UPDATE 2-Pakistani Christian woman freed after blasphemy death sentence reversed
The release of Asia Bibi, a mother of five, prompted immediate anger from a hard-line Islamist party that has threatened to paralyse daily life countrywide with street protests if her acquittal is not reversed.
Bibi, 53, was convicted of blasphemy in 2010 over allegations she made derogatory remarks about Islam after neighbours objected to her drinking water from their glass because she was not Muslim. She always denied having committed blasphemy.
The case has outraged Christians worldwide, and Pope Francis met with Bibi's family earlier this year, saying he prayed for her. Italy said on Tuesday it will try to help Bibi, who is Catholic, to leave Pakistan.
Insulting Islam's Prophet Mohammad carries a mandatory death penalty in Pakistan, which is about 95 percent Muslim and has among the harshest blasphemy laws in the world. Minority Christians make up about 2 percent of the population.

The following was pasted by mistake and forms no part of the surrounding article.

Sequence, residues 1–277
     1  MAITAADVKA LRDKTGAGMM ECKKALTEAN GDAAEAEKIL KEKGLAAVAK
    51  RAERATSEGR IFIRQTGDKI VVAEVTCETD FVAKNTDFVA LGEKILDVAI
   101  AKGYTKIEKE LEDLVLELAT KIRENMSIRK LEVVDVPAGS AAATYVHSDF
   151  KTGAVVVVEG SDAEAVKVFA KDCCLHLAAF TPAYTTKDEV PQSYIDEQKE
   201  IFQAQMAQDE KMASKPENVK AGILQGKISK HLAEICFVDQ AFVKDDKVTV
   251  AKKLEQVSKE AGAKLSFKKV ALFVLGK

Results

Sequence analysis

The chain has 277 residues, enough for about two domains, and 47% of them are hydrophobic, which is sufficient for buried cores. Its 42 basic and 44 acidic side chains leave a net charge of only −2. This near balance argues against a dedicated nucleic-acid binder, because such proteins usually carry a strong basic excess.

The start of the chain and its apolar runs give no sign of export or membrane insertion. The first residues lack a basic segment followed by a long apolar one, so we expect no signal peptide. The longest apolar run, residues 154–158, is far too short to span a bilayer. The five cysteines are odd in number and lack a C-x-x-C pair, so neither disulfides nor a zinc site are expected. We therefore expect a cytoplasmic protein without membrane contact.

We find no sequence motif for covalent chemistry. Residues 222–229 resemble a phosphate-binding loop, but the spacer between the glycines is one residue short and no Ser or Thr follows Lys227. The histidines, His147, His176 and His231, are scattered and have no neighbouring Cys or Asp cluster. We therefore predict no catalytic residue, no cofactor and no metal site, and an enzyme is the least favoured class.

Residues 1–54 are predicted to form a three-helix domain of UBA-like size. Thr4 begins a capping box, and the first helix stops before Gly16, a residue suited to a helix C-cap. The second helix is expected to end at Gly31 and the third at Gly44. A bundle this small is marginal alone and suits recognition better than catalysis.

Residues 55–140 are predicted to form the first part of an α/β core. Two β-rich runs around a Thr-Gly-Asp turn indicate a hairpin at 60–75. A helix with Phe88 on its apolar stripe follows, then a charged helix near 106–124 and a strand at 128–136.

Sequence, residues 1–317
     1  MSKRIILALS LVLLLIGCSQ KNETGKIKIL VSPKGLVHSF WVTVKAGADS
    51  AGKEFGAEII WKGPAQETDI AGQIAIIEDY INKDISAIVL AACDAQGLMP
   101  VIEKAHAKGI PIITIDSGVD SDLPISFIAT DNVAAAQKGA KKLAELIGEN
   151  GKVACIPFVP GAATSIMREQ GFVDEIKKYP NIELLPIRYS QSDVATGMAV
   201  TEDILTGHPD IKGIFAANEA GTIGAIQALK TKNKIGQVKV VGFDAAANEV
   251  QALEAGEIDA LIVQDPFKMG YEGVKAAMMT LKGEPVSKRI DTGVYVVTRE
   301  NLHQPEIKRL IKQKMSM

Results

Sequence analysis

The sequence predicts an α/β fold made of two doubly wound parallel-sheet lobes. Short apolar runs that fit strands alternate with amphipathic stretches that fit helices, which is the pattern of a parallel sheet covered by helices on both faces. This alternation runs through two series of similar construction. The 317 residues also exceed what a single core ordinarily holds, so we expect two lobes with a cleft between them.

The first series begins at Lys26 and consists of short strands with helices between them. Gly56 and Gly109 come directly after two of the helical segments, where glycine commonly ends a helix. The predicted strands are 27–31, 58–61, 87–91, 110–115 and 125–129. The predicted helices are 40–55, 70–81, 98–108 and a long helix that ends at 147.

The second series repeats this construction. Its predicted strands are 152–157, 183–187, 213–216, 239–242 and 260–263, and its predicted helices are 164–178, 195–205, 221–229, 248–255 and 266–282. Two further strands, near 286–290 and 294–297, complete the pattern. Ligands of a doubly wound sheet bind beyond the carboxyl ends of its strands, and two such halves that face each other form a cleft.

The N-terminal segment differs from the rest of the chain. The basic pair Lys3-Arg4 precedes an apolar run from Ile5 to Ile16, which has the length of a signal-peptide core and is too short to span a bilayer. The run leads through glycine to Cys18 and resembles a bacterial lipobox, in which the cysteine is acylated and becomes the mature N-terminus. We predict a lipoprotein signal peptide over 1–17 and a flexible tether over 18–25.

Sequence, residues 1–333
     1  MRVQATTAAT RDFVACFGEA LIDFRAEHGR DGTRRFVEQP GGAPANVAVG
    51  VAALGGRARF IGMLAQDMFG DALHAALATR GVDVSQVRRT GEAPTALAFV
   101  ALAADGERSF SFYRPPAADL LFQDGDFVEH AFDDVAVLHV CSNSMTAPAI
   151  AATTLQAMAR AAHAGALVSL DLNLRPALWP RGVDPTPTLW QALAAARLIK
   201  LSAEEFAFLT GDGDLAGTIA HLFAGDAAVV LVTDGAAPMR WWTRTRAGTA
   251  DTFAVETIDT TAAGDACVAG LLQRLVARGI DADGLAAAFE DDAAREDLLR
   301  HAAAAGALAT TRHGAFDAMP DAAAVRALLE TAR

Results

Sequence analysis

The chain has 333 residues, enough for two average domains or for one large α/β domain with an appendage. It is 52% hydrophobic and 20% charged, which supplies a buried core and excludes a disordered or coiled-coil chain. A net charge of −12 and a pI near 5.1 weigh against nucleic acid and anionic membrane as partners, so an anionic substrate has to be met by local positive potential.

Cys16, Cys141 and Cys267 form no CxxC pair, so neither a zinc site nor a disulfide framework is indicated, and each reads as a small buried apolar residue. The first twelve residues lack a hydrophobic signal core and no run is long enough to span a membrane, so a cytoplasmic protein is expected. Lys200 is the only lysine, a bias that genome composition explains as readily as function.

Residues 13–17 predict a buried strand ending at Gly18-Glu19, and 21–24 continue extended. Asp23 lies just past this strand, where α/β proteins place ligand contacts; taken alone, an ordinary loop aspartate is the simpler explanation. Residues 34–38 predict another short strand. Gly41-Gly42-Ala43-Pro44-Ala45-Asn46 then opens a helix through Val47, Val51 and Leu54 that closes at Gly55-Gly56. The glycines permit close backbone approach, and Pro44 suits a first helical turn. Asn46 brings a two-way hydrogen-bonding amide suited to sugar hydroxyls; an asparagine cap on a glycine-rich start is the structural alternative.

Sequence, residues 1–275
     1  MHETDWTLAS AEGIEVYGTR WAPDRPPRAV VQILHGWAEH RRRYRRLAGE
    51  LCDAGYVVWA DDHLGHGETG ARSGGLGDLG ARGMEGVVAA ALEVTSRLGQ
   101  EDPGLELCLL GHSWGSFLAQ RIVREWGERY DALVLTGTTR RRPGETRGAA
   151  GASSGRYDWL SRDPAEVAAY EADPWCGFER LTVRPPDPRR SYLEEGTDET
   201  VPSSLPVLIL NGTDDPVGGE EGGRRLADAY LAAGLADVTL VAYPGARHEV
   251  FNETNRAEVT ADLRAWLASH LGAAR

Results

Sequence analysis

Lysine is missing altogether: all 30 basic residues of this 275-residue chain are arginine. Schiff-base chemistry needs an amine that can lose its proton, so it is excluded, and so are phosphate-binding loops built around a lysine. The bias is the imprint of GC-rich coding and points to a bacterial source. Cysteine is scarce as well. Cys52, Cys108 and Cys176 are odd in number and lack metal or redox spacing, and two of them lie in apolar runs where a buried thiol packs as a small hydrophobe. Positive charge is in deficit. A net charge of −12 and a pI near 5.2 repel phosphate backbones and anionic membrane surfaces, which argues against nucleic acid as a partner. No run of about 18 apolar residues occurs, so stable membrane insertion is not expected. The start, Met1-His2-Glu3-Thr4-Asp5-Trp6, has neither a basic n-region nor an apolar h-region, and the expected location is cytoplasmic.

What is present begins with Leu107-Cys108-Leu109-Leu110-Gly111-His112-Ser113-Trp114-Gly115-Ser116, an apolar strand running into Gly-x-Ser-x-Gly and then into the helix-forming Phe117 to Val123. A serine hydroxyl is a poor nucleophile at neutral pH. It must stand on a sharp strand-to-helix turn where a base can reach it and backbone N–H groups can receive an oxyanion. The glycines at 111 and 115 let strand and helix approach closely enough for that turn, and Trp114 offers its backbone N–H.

Three security officials told Reuters early on Thursday that Bibi had been released from a prison in Multan, a city in southern Punjab province.
She was flown to the airport near the capital, Islamabad, but was in protective custody because of threats to her life, said the three officials, speaking on condition of anonymity.
"All I can tell you is that she has been released," lawyer Saif-ul-Mulook told Reuters by phone from the Netherlands.
A spokesman for the hard-line Tehreek-e-Labaik (TLP) party, which took to the streets after the Supreme Court ruling, said her release violated a deal with the government of Prime Minister Imran Khan to end the protests.
"The TLP activists are agitated as the government has breached the agreement with our party. The rulers have showed their dishonesty," party spokesman Ejaz Ashrafi told Reuters.
The government deal last week promised not to block a petition for the Supreme Court to review Bibi's acquittal in light of Islamic sharia law, the TLP said. It also said the government promised to work to ensure Bibi could not leave the country.
If Pakistan's government allows Bibi to leave, it could face more paralysing protests from the TLP and other Islamist parties. (Reporting by Asif Shahzad; writing by Kay Johnson; editing by Hugh Lawson and Grant McCool)
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